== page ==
Localized stimulation of the EGF receptor
Kempiak, Stephan John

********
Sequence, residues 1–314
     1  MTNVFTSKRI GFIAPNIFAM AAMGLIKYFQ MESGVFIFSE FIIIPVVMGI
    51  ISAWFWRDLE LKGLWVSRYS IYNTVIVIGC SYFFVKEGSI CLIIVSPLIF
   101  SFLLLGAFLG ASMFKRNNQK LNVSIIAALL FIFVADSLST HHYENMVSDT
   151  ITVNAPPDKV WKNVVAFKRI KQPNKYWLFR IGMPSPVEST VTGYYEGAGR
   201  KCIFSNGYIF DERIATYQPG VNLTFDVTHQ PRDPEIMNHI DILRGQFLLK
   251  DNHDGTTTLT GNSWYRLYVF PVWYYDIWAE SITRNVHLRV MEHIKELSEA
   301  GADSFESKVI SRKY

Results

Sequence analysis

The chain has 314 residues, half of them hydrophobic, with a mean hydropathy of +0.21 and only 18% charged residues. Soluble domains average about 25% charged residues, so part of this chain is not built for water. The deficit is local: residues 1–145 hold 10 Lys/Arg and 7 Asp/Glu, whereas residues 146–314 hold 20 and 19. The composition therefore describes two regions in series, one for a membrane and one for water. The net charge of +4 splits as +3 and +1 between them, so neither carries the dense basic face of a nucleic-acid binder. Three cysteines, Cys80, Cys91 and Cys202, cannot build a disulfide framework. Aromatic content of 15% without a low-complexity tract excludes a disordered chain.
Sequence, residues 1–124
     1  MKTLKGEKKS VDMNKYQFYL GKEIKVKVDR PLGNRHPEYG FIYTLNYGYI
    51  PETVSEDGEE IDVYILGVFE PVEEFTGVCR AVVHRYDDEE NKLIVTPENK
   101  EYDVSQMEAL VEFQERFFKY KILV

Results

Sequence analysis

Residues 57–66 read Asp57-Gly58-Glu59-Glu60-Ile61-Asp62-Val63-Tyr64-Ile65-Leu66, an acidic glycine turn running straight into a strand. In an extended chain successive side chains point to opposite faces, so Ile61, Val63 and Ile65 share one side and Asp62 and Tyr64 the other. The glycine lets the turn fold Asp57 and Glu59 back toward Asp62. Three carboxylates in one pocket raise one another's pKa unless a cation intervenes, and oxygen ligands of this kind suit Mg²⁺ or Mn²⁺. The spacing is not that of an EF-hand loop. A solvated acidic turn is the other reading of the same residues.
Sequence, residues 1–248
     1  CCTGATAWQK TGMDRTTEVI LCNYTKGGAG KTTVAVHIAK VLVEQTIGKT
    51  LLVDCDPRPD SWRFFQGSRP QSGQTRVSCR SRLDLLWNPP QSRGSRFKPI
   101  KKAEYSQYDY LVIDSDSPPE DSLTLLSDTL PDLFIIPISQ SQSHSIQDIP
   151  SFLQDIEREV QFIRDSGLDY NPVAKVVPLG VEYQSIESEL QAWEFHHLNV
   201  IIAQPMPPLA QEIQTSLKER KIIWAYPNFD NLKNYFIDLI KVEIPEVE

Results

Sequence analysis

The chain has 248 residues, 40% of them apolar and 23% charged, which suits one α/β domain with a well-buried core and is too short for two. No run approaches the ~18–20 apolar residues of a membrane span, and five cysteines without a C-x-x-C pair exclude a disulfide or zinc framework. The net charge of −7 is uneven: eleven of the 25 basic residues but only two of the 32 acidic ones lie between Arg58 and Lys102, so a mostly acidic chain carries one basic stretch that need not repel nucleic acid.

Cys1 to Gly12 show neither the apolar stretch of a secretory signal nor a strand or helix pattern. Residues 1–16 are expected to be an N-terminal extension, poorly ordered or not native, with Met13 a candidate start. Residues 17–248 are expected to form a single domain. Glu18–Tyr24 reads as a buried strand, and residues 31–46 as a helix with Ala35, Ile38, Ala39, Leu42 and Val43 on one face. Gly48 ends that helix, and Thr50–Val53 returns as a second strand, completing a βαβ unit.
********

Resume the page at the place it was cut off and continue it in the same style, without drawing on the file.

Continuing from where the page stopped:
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In cancer, EGF plays a substantial role in inducing tumor cell movement. However, the mechanisms by which cells respond to concentration gradients of this chemoattractant are poorly understood. To model this process, we have locally stimulated cells with EGF-coated beads. We have seen localized, phase dense protrusions where the EGF-bead contacts the cell. By determining the radius of immunostaining at the bead site, a spatial scale was elucidated where phosphorylated receptor was detected closest to the bead. N-WASP, p34 and cofilin, all critical components for inducing actin polymerization, were also associated at the bead site. F-actin and phospho-Akt staining were broader. Cortactin staining was not visible at the bead site, but it was present throughout protrusions. The only signal seen throughout the cell after EGF-bead addition was phospho-ERK. Therefore, actin polymerization is intimately associated with EGF-bead attachment to the cell and a long-range signal through ERK activation is also noticeable using this method of cell stimulation.;Using various inhibitors it was shown that this EGF-bead induced response was dependent on EGFR kinase activity, but not PI3-K or RhoGTPases. Knocking down either cofilin or p34 inhibited the EGF-bead response by close to fifty percent. When both proteins were simultaneously knocked down, the inhibition was almost complete, indicating that these two proteins work independently in parallel pathways in this actin polymerization response. To understand the Arp2/3-dependent pathway of EGF-induced actin polymerization, we inhibited the expression of Arp2/3-activating proteins. N-WASP appeared to be important, whereas WAVE loss did not have an effect. We then knocked down activators of N-WASP, yielding Grb2 and Nck2 as required in the EGF-bead response. Interestingly, inhibition of cortactin expression resulted in an enhancement of protrusion responses and cortactin overexpression inhibited the response. We found that cortactin can restrict N-WASP localization to the EGF-bead. In addition, cortactin-deficient cells have increased lamellipod dynamics, but show reduced net cell translocation. Rather than initiating actin polymerization, this data suggests that cortactin's major role is to control the extent of Arp2/3 activation by N-WASP and to incorporate these freshly made actin filaments into the cell's original cytoarchitecture resulting in consistent protrusive forces.
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